This is the last week for National Cyber Security Awareness Month (NCSAM). The focus for this week is cybercrime and law enforcement, and how each of us can become more aware of cybercrime prevention in our communities.
Bank Robbers vs Cyber Criminals
In the movie Ocean’s Eleven a team of skilled thieves plan and execute a lucrative heist on a casino. They experienced a few hiccups, but they ultimately make it out of the casino with millions of dollars, and leaving no evidence behind. In real-life the risks are higher and the payout, in most cases, much less. In 2010, bank robbers were successful in robbing 5,628 banks, making off with $43 million dollars. That might seem like a lot, but consider that on average each robbery only made $7,643. Take into consideration the risk of long-term jail time these robbers face, the fact that the money was recovered in 22% of those robberies, and it is apparent that robbing a bank is not as lucrative as it seems in the movies. The risks begin to outweigh the reward.
Cyber criminals, on the other hand, seem to experience the ease of getting away with crimes as in Ocean’s Eleven. According to an FBI report, there were 300,000 victims of cybercrime and criminals made off with a total of $1.1 billion. Although the average cybercrime came to only $3,666 per victim (as compared to $7,643 per robbery), criminals are able to commit upwards of hundreds of thousands of crimes with little to no risk of being caught.
Why Is it So Easy?
A big part of the reason that cyber criminals get away with their crimes so easily is that catching cyber criminals and enforcing computer crime laws is difficult. The majority of that difficulty lies in four major areas: jurisdiction, location, anonymity, and evidence.
Jurisdiction is which agency has the authority to investigate and prosecute different types of crimes. There are several factors that determine who has jurisdiction over a case, like:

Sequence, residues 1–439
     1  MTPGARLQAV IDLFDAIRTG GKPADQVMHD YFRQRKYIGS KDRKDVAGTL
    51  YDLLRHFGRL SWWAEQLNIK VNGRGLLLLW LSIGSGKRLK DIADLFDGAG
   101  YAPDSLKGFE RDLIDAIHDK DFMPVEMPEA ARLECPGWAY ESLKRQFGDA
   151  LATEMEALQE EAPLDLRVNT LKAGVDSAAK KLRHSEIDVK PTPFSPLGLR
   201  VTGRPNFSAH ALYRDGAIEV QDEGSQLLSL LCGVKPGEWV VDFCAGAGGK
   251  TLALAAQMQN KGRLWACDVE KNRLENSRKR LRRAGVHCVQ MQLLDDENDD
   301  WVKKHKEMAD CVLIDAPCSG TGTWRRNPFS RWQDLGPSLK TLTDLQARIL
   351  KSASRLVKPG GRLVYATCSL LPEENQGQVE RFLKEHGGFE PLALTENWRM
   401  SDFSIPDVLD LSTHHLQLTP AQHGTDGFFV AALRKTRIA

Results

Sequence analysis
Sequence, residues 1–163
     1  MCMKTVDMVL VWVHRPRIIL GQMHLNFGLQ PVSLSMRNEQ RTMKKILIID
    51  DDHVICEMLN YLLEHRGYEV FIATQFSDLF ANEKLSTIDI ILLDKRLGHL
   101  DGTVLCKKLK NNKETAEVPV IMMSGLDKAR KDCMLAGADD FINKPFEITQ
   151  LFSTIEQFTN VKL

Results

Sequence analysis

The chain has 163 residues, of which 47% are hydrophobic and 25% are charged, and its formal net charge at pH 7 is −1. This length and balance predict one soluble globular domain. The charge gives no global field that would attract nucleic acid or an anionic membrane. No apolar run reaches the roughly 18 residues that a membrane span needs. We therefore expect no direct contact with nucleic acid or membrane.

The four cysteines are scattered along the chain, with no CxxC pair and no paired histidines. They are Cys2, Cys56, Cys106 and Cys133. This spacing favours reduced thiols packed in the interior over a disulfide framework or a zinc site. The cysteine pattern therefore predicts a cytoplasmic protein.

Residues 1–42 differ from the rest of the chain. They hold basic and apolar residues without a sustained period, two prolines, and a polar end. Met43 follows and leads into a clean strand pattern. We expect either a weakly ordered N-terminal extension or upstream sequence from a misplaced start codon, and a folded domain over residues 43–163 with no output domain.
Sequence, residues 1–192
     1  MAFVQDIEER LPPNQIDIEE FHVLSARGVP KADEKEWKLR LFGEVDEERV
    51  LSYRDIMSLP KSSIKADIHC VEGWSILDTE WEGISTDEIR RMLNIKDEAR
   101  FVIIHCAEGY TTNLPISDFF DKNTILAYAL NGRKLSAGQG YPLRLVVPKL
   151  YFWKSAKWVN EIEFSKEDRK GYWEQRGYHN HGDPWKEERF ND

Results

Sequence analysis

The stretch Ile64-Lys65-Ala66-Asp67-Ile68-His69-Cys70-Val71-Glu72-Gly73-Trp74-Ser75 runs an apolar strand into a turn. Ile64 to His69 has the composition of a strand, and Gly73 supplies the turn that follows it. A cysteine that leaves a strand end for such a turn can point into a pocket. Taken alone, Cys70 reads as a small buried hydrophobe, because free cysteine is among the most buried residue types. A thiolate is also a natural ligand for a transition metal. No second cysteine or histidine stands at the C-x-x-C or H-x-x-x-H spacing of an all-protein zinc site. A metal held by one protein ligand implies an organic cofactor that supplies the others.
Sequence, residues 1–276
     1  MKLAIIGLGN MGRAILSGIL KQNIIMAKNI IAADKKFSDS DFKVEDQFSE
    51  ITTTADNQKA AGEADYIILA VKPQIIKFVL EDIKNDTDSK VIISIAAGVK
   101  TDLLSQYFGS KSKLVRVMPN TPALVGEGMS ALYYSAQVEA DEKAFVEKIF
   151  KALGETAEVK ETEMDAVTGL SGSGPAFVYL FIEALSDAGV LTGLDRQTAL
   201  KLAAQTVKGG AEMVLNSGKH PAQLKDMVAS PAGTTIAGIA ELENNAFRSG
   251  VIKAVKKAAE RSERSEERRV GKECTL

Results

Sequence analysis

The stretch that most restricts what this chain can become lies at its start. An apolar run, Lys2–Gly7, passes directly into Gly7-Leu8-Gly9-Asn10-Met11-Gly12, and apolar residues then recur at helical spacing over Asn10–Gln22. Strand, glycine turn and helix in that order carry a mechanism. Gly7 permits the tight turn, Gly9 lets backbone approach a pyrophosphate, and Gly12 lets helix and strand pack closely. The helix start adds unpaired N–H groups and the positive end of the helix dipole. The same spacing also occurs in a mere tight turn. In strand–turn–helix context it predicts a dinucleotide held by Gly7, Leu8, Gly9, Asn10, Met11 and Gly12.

- Which branch of the law. Cases can fall into a few different branches of the law, including criminal, civil, and regulatory law.
- Type of case. The type of case is a determining factor. Each system employs different agencies responsible for different types of cases.
- Severity of crime. The severity of the crime committed also plays a role. Different agencies and courts deal with different levels of severity.
- Level of government. The last determining factor in jurisdiction has to do with which level of government the crime falls into, and some crimes fit into different laws at different levels of the government.
Related to jurisdiction is the geographical location. A cyber criminal may be operating outside a law enforcement agencies jurisdiction, like in another state or even another country.
“Who done it?” is another factor making it difficult to enforce computer crime law. Finding out the identity of the criminal and where they are located can be very difficult. This is compounded by the fact that there are services available to mask IP address.
In any crime scene investigation in the movies, a detective can carefully pluck evidence off a couch with a pair of tweezers, drop it into a bag, and examine it later. Physical evidence is easier to find and preserve than digital evidence. Digital evidence is fragile, and it can be hard to track down. A cyber criminal may commit theft through the servers of innocent users. Following the chain of evidence to the original server is difficult.
Law enforcement agencies at the local and federal levels are aggressively attacking the issue of cybercrime with specialized computer crime units. As time goes on, law enforcement will only improve their methods of catching cyber criminals.
However, it’s also important to make sure that you are actively preventing cybercrime by protecting your own information. Being aware of common cybercrimes as well as following security best practices can go a long way to making sure you’re not the next victim of cybercrime.